While artificial intelligence (AI) continues to linger in popular imagination in the form of humanoid robots, in real life AI more often exists as a process enabler. Over the past several years, as costs democratized the technology, AI and related emerging technologies like machine learning (ML) and deep learning (DL) became more accessible to mid-market companies. Today, most businesses use AI in one capacity or another — streamlining work, minimizing risk, and gaining competitive insights.
These innovations are more than buzzwords. They have powerful potential to revolutionize the way your business collects, processes, and acts on data to solve the real problems facing your business.
AI, ML, and DL in the business context
To find the right AI applications for your business, it helps to understand your options.
|Artificial Intelligence||Machine Learning||Deep Learning|
|Definition||Machines programmed to be “smart”||Machines that learn from experience provided by data and algorithms||ML applied to larger data sets and using multi-layered artificial neural networks|
|Common Examples||Smartphones, chatbots, virtual assistants||Spam filters, online purchasing recommendations||Alexa, Google translate, facial recognition, self-driving cars|
|Example Use Case||Configuring a CMS to deliver personalized website experiences using available data points||Discovering patterns in data such as “customers who buy X also buy Y,” purchasing cart analysis||Processing a large volume of unstructured data, such as images or voice recordings, to generate insights|
|Limitations||Machine can only act on specific rules provided||Humans must input data parameters as a starting point||Requires very powerful – and expensive – computational resources|
How machine learning differs from AI
“ML is the science of getting computers to act without being explicitly programmed.”Stanford University
Machine learning takes a different approach to developing artificial intelligence. Instead of hand-coding a specific set of rules to accomplish a particular task, ML trains the machine using large amounts of data and algorithms that give it the ability to learn how to perform a task.
Over the years, algorithmic approaches within ML evolved from decision tree learning, inductive logic programming, linear or logistic regressions, clustering, reinforcement learning, and Bayesian networks. Currently, machine learning uses three general models:
- Supervised learning: Humans supply factors until the machine can accurately apply the distinctions (for example, defining what counts as spam to a filter).
- Unsupervised learning: The system trains itself on provided data, which is used to surface unknown patterns, as in clustering and association. Clustering looks for patterns of demographics in data and how they predict one another, as in targeting groups of customers with products they will likely need. Association uncovers rules that describe data, as in online book or movie recommendations based on previous purchases and purchasing-cart predictions.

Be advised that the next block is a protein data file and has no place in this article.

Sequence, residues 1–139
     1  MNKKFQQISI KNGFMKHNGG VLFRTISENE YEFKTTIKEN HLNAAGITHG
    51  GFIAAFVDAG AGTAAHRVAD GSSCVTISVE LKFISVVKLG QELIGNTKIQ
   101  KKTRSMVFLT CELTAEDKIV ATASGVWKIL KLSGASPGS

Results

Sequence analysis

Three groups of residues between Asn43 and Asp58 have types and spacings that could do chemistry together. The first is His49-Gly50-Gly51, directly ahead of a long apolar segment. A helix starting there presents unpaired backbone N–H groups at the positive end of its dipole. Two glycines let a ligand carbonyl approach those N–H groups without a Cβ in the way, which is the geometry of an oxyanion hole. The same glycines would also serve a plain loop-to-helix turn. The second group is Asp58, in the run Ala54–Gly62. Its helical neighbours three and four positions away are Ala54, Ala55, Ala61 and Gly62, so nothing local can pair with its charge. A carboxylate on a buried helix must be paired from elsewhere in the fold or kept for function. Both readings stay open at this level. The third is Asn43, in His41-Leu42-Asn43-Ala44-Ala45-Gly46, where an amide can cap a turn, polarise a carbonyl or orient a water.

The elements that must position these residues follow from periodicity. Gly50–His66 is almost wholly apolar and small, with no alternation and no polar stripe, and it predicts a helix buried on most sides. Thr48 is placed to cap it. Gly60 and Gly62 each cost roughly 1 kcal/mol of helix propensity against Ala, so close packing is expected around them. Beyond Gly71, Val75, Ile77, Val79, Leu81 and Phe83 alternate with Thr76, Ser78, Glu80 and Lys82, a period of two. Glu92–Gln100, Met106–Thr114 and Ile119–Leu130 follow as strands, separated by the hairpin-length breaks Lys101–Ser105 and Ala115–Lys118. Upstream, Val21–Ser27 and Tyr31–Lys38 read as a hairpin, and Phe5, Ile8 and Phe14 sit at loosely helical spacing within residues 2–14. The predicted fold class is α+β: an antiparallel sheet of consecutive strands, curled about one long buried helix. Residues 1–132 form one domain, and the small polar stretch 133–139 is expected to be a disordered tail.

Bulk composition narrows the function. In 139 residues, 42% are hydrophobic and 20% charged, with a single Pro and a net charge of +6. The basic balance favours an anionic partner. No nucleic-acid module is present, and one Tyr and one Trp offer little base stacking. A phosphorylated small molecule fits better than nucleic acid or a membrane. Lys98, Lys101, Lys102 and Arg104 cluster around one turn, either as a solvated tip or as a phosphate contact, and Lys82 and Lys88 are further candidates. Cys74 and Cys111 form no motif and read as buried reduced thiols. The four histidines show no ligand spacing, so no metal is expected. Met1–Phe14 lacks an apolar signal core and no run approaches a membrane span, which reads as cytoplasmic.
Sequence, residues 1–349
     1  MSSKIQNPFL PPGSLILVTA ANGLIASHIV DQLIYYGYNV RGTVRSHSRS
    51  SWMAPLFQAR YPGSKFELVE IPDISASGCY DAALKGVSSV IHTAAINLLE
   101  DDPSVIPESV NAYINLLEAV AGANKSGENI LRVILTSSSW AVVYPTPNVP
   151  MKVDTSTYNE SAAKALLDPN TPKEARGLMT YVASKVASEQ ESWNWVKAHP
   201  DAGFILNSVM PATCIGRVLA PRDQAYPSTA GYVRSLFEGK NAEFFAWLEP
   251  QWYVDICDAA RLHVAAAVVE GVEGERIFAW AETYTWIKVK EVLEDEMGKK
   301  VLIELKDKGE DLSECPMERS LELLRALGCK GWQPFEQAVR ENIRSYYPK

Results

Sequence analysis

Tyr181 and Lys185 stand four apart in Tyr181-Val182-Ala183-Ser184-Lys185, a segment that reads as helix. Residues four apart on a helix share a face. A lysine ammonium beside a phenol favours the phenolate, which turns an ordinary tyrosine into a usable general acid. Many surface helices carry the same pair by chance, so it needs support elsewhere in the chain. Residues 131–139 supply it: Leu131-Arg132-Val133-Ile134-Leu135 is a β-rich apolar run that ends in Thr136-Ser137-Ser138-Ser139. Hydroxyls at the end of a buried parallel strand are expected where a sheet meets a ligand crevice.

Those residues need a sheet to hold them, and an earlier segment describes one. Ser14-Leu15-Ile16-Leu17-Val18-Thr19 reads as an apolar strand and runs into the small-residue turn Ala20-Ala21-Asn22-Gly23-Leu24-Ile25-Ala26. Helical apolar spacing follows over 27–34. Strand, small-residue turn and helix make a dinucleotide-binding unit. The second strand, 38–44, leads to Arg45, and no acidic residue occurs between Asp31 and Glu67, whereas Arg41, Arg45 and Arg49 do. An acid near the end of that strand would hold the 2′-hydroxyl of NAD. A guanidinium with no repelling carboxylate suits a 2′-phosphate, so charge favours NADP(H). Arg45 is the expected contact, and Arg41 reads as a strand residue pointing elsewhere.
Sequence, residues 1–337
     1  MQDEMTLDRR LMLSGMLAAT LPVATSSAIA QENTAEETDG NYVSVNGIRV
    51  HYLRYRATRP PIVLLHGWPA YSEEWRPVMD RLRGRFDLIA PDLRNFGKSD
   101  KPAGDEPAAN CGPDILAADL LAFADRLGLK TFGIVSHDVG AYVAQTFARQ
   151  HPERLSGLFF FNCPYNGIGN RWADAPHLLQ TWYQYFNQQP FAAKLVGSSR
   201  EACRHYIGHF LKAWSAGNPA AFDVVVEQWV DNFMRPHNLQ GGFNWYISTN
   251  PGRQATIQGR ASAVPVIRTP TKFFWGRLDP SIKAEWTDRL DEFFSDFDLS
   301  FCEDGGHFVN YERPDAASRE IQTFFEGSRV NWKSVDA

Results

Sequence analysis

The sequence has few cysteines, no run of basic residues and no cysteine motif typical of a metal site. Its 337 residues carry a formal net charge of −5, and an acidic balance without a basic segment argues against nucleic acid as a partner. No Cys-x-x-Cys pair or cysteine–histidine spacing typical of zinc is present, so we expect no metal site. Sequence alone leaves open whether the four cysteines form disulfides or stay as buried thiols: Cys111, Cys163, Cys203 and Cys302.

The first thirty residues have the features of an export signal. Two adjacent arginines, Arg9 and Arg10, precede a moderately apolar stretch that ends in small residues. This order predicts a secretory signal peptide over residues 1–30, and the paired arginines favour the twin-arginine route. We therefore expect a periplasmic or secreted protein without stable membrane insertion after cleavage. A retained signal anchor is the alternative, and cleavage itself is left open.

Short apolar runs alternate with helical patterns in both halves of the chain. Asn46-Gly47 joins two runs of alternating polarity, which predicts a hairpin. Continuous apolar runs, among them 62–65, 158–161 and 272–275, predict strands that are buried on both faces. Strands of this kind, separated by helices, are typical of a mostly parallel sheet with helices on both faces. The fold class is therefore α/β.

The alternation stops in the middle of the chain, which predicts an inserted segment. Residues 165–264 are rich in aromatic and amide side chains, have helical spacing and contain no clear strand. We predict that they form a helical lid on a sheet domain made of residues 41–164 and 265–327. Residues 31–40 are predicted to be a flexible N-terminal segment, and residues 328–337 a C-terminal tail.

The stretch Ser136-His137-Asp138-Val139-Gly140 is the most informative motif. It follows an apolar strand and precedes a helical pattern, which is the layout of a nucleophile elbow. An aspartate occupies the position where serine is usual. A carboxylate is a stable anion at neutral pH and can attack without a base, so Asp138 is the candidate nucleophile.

- Reinforcement learning: Using complex algorithms, the system learns through trial and error toward a defined “reward” of success. Cycling quickly through mistakes or near mistakes, the machine adjusts the weight of the previous results against the desired outcome.
How deep learning works
As another method of statistical learning that extracts features or attributes from raw data sets, deep learning builds on ML frameworks. While ML requires humans to provide desired features manually, DL uses even more complex algorithms and achieves more sophisticated results without human input.
Deep learning algorithms automatically extract features for classification. This ability requires a huge amount of data to train the algorithms and ensure accurate results. To process this volume of data, DL requires specially designed, usually cloud-based computers with high-performance CPUs or GPUs.
Using multi-layered artificial neural networks inspired by the biology of the human brain — specifically the organic interconnections between neurons — deep learning trains artificial neurons to identify patterns in information to produce the desired output. Unlike the human brain, artificial neural networks operate via discrete layers, connections, and directions of data propagation.
Three common types of artificial neural networks and DL processing applications are:
- Convolutional neural networks (CNN) are deep artificial neural networks that are used to classify images, cluster them by similarity, and perform object recognition. These algorithms navigate self-driving cars and enable facial recognition, but are also used in leading-edge medical applications such as identifying tumor types.
- Generative adversarial networks (GAN) are composed of two neural networks: a generative network and a discriminative network. While GANs can be used negatively as in the creation of “deep fake” photos and video, organizations can also use GANs to create privacy-safe data pools for ML.
- Natural language processing (NLP) is the ability to analyze, understand, and generate human language, whether text or speech. Alexa, Siri, Cortana, and Google Assistant all use NLP engines, and many businesses are exploring ways to incorporate voice into their proprietary applications and digital solutions.
Make smart decisions about AI
Fusion Alliance provides cloud infrastructure and emerging technology solutions that accelerate your digital transformation. Our teams help businesses across a wide variety of industries uncover the best use cases for AI, and the right emerging technology solutions to meet your goals. We can help you source, clean, and integrate your data, build and train machine learning models, and iteratively test and improve your solution to maximize results.
Not sure how this might work for your business? Check out these real-world examples: